Alpha Epsilon Pi fraternity threw a party late on the night of Aug. 26 that ended with dozens of people, myself included, in free fall after the house’s deck collapsed.
In the house on 15 Old Field Road in Setauket, all the windows were kept closed and all doors were kept guarded by AEPi members in order to keep the loud, partying students from attracting noise complaints from neighbors. There were about 150-200 students cooped up in the hot three-story house. About 30 of us found our way to the outside deck.
“I mean it was really, really hot inside and so much cooler outside so the balcony had a good number of people like 25 or 30 ish probably,” junior biochemistry major, Nerone Kiyoshi Douglas, said in a Facebook message. According to Town of Brookhaven Fire Marshal Christopher J. Mehrman, approximately 50 people were on the deck.
I was talking with friends when suddenly there was a loud crunch and seconds later I and the other students fell 10 feet to the ground. After a few seconds I was able to stand. I was shaking, covered in dirt. I had scrapes up and down my left arm. There was an unconscious girl underneath debris and other students were scrambling to get her out. Another girl was writhing in pain, rolling all over the ground. There was a boy bleeding from the head. AEPi brothers made us go back inside as the police came.
According to Arthur Gerhauser, chief building inspector of the Town of Brookhaven, the failure of the deck was “at the ledger board, the connection of that ledger board to the house,” but the deck was structurally sound – it just couldn’t handle the amount of people on it.
“The home and the deck were constructed in 1973,” Gerhauser said. “They both benefited from a certificate of occupancy, and the deck was constructed in compliance with the code at the time.”
However, Gerhauser also said codes have since changed and the deck, if built today, would have been violating current code.
The location of the party is not affiliated with the fraternity’s governing body AEPi International.
“AEPi International, nor our housing operation, has no financial interest in that property and is not signer on any lease, etc.” said AEPi spokesperson Jonathan M. Pierce in an email. “… In fact, any property in which our fraternity’s housing operation has an interest would have to be properly zoned, inspected and up-to-code.”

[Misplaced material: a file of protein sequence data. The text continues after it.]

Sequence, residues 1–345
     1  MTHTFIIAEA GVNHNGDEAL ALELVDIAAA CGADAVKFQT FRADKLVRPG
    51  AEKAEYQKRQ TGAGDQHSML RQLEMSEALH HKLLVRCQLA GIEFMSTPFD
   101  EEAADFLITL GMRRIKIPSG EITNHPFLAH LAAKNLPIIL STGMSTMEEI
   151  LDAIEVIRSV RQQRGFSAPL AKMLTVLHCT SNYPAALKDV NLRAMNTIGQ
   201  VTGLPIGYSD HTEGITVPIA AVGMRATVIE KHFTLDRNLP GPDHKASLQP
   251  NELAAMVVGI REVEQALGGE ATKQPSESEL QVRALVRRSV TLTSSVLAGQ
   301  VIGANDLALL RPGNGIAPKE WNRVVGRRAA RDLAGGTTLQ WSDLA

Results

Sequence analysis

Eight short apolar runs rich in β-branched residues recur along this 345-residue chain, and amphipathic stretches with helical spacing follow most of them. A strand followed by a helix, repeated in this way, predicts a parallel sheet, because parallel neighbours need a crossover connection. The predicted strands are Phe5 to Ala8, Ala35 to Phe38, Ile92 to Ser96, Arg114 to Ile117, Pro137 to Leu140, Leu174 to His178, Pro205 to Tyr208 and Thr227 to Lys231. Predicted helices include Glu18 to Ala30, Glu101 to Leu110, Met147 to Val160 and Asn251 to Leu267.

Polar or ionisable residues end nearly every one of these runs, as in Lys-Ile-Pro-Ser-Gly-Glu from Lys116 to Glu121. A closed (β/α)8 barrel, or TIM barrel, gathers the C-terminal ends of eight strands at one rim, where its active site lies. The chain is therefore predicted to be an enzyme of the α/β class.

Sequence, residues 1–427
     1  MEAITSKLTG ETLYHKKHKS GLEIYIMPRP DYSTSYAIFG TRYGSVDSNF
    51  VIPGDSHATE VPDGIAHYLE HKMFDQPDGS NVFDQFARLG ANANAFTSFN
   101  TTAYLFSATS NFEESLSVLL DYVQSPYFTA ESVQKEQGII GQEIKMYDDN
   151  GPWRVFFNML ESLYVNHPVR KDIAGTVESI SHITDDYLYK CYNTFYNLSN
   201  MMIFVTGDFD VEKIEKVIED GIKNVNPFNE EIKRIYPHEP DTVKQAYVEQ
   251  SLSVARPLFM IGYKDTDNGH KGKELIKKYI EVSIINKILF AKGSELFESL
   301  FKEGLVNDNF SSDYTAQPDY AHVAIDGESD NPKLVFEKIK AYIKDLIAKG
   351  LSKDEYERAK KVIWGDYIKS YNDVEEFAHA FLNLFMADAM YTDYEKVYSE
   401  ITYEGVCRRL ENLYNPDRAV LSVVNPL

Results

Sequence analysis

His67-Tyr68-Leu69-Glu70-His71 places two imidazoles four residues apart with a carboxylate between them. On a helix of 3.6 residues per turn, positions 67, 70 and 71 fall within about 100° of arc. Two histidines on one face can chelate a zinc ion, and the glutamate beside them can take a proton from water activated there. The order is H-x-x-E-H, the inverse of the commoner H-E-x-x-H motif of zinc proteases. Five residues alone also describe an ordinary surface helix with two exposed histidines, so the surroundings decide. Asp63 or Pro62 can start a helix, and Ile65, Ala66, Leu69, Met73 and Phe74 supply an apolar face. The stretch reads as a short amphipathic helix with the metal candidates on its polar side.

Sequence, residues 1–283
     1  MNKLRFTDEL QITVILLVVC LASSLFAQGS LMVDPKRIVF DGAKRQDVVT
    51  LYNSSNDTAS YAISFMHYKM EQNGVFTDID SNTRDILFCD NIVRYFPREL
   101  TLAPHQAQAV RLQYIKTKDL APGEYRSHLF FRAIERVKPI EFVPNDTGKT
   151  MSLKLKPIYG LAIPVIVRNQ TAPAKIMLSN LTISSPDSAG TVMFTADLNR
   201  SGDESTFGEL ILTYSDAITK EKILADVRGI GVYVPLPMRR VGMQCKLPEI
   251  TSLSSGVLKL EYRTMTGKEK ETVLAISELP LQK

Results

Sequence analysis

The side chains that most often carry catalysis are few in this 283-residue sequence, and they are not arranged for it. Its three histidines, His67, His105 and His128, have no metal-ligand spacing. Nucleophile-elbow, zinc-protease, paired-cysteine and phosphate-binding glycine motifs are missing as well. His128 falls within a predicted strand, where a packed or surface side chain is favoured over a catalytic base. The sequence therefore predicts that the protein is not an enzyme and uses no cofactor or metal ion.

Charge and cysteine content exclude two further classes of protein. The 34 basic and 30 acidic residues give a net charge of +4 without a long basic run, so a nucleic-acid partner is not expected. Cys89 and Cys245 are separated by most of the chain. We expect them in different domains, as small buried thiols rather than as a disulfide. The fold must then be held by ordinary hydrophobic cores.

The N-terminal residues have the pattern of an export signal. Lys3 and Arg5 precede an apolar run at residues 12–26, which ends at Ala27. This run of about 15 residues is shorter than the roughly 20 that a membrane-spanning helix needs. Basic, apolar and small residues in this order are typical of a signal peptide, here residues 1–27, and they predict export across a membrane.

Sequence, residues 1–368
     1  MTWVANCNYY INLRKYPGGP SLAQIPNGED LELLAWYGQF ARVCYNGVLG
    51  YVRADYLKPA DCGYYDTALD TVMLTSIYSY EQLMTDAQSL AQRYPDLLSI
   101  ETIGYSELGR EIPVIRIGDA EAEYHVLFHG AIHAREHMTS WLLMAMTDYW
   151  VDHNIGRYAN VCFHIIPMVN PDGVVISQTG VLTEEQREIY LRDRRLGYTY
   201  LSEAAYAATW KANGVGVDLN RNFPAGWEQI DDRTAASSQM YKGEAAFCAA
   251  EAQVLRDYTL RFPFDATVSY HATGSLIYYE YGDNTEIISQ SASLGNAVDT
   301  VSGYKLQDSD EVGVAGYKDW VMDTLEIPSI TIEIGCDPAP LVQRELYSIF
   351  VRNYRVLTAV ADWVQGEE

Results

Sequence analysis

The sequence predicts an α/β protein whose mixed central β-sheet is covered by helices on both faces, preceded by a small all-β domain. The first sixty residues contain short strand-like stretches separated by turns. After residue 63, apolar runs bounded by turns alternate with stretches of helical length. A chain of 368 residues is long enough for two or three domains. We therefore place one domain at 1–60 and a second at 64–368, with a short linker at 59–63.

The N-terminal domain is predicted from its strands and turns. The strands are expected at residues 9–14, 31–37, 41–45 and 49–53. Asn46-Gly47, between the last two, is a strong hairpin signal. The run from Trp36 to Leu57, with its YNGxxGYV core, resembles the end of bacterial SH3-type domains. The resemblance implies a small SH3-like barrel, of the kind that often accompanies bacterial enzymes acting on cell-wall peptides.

After the fall, many people were afraid to call the police. I overheard that some didn’t want to “be the rat.” I did not care. I called 911 at 10:59 p.m.
“We got a call at approximately 11pm last night (Aug. 26),” said a Suffolk County Police spokesperson. “Two people were taken to the Stony Brook University Hospital for nonlife-threatening injuries.”
However, some people, like myself, transported themselves to the hospital so the amount of students hurt is unknown.
After the accident, the brothers couldn’t get enough cabs in a timely matter. I took an Uber back to campus and watched as other students used an unlit road in a wooded area to walk back to campus.
I suspect I was one of many students who checked myself into the hospital after taking a taxi or Uber back to campus. However, Stony Brook University Hospital would not give me an exact number of patients.
During my back X-ray, the technician asked me what happened. When I mentioned a deck he finished my sentence with astonishment. “You were also from that party?” he said.
According to that technician, they scanned multiple ankles, arms and legs from people in the same accident. He determined that I had a back sprain.
The Dean of Students office is currently calling all students who were temporarily hospitalized.
“We are grateful that the situation wasn’t worse than what is was,” Dean of Students Timothy Ecklund said. “This is something that we are very concerned about in looking at how our students are living off campus.”
The landlord, Aydinli Zeyit, is being held responsible because he had illegally converted this once one family unit home into a rooming house.
“What happens often times is that when people carve up these homes illegally into rooming houses,” Brookhaven Town Supervisor Ed Romaine said. “Often we find that these landlords do not maintain these homes as the surrounding neighbors do.”
According to Deputy Town Attorney David J. Moran, Zeyit has been prosecuted for illegal conversion this past May and plead guilty. However, at the time of inspections, this particular house was empty.
“We will bring the defendant to justice,” Moran said. “Not just at this property, but his own residence and another property that he owns in the Rocky Point area.”
Brookhaven Councilwoman Valerie Cartright says that law department will continue to crack down on people, such as Zeyit, who violate town codes and town laws.
“Illegal, overcrowded homes and boarding houses will be prosecuted to the fullest extent of the law,” Cartright said.
At the Brookhaven Town Hall meeting, it was revealed that the house at 15 Old Field Road had multiple violations, including no working smoke detectors, no working carbon monoxide detectors, a broken window in the basement, no Certificate of Occupancy to covert living room to bedroom and doors locked from the outside.
“The numerous violations at this location jeopardized the health, the safety and the wellness of the occupants as well as the visitors to the home that evening,” Cartright said.
The court date for Zeyit has been set for Oct. 27 at the Suffolk County 6th District Court.
Correction: Sept. 1, 2016
A previous version of this story identified the house on 15 Old Field Road in Setauket as an Alpha Epsilon Pi fraternity house. The structure is not an AEPi International affiliated house. A statement from the fraternity’s spokesperson Jonathan M. Pierce was added to the article.